A Heuristic for Task Work

My rule of thumb for Task work – and one I highly recommend Teams adopt as a part of their Team Working Agreement – is as follows: Every Team Member’s name appears on one and only one in-progress, unblocked Task at a time.

This rule does not preclude multiple Team Members from working on the same Task. It does preclude any Team Member from signing up for or attempting to work on more than one Task at time. And that’s the point. Single-item flow is the most effective, most efficient way known to develop a product.

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This example (partial) task board shows the task heuristic in operation

The result of this simple rule is that no one is working on more than one Task at once, meaning no one is attempting to engage in multitasking. Another result of this simple rule is that Tasks not yet in progress are available, by virtue of the fact that they live in the To Do column on the Task Board, for any Team Member to work on, until one or more Team Members sign up for the Task. This simple visual cue helps the Team see what needs to be worked on and also helps drive cross-functional behavior on the Team by making it physically possible for anyone to sign up for any available Task.

Excerpt from The Agile Team Handbook, page 139.

All for now….

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When do we start? When should we finish?

The snow that fell yesterday — yes snow, yes on May 12 — along the northern Front Range of Colorado has just about melted and it looks like spring again, even though it doesn’t necessarily feel that way when one steps outside. The mountains give the appearance of mid-winter, which is encouraging given the lower-than-average snow pack to date.

In any case, the questions that form the title of this post are among the most frequently asked when I am both training and coaching. The context is Sprint begin-end boundaries and the answers I give are consistent. I encourage organizations and teams to follow the Lean principle of building-in quality, that is, make everything as unlikely to break as possible. When it comes to Sprint boundaries, regardless of the length of the Sprints, the least likely candidates are starting on Mondays and ending on Fridays.

There are several reasons why Monday-Friday Sprint boundaries are suboptimal. In the USA at least, most holidays fall on Mondays, almost certainly assuring disruption of Sprint planning at least a few times every year. And while ending Sprints on Fridays might seem to offer the prospect of a nice break in between Sprints, the all-too-common refrain from the team at the Sprint Review is: “Oh yeah, we’re done with everything, but we just have a little testing/coding/cleanup, etc., to finish over the weekend.” Uh-oh.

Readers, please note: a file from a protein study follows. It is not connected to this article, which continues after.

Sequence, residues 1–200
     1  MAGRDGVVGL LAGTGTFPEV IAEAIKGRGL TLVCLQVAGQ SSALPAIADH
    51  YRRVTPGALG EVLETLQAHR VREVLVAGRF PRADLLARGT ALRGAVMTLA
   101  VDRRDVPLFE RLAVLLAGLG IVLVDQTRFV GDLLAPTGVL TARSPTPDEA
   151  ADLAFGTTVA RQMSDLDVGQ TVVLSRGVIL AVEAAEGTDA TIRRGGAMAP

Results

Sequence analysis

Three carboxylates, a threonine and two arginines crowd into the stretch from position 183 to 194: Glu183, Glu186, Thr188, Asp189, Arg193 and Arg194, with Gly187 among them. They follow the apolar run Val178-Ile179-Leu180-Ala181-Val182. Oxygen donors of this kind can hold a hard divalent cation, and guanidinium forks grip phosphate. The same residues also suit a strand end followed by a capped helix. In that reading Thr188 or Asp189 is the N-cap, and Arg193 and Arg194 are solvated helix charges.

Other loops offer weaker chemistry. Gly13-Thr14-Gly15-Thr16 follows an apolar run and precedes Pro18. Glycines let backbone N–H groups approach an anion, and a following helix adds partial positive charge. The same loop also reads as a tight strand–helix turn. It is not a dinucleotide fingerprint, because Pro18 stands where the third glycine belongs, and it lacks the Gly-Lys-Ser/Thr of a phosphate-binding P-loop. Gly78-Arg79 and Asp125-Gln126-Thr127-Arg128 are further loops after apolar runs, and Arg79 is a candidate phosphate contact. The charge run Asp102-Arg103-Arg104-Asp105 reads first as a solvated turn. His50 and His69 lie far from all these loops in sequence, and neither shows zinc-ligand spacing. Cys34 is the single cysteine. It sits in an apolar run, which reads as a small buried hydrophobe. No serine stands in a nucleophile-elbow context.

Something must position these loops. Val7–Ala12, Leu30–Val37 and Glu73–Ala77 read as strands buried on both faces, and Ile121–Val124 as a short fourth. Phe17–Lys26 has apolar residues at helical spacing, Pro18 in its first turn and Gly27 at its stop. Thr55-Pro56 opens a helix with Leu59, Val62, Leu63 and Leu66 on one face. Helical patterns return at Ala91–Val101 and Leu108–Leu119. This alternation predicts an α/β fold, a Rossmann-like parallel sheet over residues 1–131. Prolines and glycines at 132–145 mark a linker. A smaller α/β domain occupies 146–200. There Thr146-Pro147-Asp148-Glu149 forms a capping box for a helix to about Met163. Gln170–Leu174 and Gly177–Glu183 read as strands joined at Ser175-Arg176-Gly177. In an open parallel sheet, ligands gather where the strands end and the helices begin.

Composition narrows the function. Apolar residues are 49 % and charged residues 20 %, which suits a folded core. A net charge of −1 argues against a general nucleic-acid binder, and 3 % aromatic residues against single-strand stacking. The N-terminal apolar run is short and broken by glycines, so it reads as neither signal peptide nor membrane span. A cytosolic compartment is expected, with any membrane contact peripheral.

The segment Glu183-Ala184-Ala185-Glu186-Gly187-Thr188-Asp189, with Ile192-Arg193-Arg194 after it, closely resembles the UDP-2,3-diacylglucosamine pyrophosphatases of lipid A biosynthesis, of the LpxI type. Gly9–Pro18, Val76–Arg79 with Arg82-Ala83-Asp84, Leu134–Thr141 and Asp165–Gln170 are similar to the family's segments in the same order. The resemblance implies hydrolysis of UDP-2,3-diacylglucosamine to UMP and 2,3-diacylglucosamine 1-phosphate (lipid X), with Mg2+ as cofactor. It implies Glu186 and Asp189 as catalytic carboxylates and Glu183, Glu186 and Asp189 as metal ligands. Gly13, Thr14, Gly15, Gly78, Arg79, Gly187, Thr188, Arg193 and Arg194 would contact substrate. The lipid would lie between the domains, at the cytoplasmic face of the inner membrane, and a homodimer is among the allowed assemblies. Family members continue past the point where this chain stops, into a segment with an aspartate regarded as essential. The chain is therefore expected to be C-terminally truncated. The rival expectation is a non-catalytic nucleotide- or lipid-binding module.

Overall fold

Fortunately, there is an extremely simple method of fixing these (and many other) common problems resulting from Monday-Friday Sprint boundaries: start and finish in the middle of the week. I personally like starting fresh with Sprint Planning on Wednesday mornings and wrapping up with the Sprint Review and Retrospective on Tuesday afternoons. Using this Sprint boundary template immediately remedies the Monday-holiday disruption. Finishing the Sprint on Tuesday afternoon — with the Retrospective as the last thing the team does, always, without fail — very neatly eliminates “we’re done, but we’ll finish over the weekend” syndrome as well. This one element, finishing work, is worthy of another blog post all to itself.

Another benefit of the Wednesday-Tuesday Sprint cycle is that it supports adherence to an oft-violated Agile principle: sustainable pace. As a coach, I am not about to encourage or even allow teams to get into the habit of working weekends between Sprints. The most effective way I have discovered to deal with this problem is simply to make it impossible: there is no weekend or other exploitable time between Sprints.

Closing out each Sprint on Tuesday with the Retrospective provides the team with the full experience of accomplishment and closure, of finishing the work of one Sprint before moving on to the next. Indeed, I invariably find that teams are anxious to get started on the next Sprint and welcome the opportunity to start fresh the very next morning. An added benefit is that holding Sprint celebrations on Tuesdays often results in a smaller tab at the team’s favorite restaurant or bar, which often offer discounts to encourage mid-week trade.

Think about it and let me know about your experience with Sprint boundaries.

All for now….

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